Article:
Facing Life With a Lethal Gene is a very moving story about a woman who chose to learn that she had the gene for Huntington's Chorea. While this kind of knowledge is, of course, a relatively new development, it reminded me that doctors have long had some degree of prognostic ability that they could share with patients. I always recall the story of the poet John Keats, who was a physician, coughing red blood into his handkerchief and proclaiming something like, "I see here my death warrant." It also brought to mind the following story from the history of general paresis of the insane:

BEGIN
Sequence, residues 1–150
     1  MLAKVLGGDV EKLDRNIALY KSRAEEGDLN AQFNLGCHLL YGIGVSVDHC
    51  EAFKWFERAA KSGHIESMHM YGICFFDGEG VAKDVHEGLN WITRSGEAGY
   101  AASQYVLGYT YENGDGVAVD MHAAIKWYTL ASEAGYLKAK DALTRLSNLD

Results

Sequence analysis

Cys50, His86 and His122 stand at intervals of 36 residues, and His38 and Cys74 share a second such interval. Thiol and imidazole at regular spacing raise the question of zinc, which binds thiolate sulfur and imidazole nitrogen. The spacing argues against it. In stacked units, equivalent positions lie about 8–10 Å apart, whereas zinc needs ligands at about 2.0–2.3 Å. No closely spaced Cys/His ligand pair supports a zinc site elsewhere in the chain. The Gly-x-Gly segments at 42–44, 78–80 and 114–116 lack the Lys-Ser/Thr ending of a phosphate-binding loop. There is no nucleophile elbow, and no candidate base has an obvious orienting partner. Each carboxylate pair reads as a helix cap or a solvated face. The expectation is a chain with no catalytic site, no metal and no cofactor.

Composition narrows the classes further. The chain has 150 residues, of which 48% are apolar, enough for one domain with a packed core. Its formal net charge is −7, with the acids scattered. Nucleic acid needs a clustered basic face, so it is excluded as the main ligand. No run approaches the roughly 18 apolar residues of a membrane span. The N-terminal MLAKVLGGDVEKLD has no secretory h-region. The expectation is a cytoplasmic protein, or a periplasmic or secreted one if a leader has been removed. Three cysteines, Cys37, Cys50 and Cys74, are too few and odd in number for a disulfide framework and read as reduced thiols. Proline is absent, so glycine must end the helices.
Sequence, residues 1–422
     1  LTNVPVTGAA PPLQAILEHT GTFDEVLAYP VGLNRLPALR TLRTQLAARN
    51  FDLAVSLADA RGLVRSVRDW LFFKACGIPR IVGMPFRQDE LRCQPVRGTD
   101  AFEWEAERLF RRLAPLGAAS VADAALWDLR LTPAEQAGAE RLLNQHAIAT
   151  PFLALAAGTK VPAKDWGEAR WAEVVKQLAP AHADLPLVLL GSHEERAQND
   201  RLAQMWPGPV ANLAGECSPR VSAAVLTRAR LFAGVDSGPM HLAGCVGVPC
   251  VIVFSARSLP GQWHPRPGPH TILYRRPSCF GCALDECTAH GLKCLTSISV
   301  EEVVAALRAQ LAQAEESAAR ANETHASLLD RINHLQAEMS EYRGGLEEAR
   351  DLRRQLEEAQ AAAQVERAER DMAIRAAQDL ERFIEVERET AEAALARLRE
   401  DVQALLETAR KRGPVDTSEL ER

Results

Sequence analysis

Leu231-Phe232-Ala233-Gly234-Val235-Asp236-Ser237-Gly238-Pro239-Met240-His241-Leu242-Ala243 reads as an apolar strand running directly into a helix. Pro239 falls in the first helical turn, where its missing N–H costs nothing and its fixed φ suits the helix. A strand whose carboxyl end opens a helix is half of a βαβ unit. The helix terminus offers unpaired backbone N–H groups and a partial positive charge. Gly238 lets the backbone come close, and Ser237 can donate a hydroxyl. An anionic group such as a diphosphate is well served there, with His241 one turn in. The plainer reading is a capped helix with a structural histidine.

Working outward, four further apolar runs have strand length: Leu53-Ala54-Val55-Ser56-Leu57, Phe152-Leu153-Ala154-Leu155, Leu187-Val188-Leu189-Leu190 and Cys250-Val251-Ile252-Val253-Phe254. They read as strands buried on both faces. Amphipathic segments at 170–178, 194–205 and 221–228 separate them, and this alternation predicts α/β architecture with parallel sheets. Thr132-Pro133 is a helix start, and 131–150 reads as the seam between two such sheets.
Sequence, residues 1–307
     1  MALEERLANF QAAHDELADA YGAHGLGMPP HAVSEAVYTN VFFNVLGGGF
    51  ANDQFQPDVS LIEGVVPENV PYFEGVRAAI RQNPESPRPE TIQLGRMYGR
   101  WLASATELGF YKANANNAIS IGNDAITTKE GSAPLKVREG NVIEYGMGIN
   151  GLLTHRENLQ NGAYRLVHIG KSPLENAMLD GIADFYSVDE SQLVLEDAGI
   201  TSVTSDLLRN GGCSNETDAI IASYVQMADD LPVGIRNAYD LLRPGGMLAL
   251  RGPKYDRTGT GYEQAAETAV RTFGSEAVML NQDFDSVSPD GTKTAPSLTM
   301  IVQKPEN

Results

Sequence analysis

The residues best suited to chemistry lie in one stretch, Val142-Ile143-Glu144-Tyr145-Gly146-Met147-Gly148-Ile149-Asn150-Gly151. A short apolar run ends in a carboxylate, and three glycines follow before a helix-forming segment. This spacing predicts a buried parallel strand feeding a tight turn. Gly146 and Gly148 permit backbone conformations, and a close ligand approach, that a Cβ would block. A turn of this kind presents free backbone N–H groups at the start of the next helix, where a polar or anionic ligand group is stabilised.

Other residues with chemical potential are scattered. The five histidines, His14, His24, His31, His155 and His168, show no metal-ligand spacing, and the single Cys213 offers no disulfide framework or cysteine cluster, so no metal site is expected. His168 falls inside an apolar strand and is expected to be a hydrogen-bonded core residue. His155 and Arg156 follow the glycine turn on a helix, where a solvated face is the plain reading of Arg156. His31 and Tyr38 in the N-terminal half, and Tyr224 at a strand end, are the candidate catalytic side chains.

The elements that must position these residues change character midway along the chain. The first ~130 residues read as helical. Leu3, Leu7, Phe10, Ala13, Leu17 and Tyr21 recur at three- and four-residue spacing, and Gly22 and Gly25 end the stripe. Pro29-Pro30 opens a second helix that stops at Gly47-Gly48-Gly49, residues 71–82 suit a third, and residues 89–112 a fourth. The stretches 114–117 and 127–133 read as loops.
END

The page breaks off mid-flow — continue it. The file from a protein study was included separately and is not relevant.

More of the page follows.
J.E.D. Esquirol, one of the architects of psychiatry's early nineteenth century therapeutic optimism, as well as one of the first do describe paresis among the insane boasted that his specialized expertise allowed him to detect signs of paresis that had eluded a provincial colleague. The patient was a 'strong, robust' thirty year old man who had persuaded himself that he possessed immense fortune and had yielded 'to all the excesses of the most fashionable life.' He was brought to Paris by the ‘skillful and estimable' Dr. K., who deferentially presented the patient to Esquirol. 'I commit to your care,' Dr. K. said to Esquirol ‘a very interesting patient, who is but slightly excited, and whom I have withdrawn from scenes calculated to augment his excitement, which you will speedily cure.’ Esquirol conducted a half an hour ‘conversation’ with the patient,during which he observed ‘some hesitation in the pronunciation of certain words’ and an ‘undue readiness’ to remain in a hospital. On the basis of these findings Esquirol disdainfully told his hopeful colleague, 'I think that your patient is incurable; that he will not recover, nor survive a year. Remain in Paris, and you will see, as the malady is making rapid progress.'5 Displays of diagnostic and prognostic abilities such as Esquirol's would be repeated by others during the nineteenth century but such displays could never fully conceal psychiatry's impotence in the face of this completely devastating and extremely common disorder.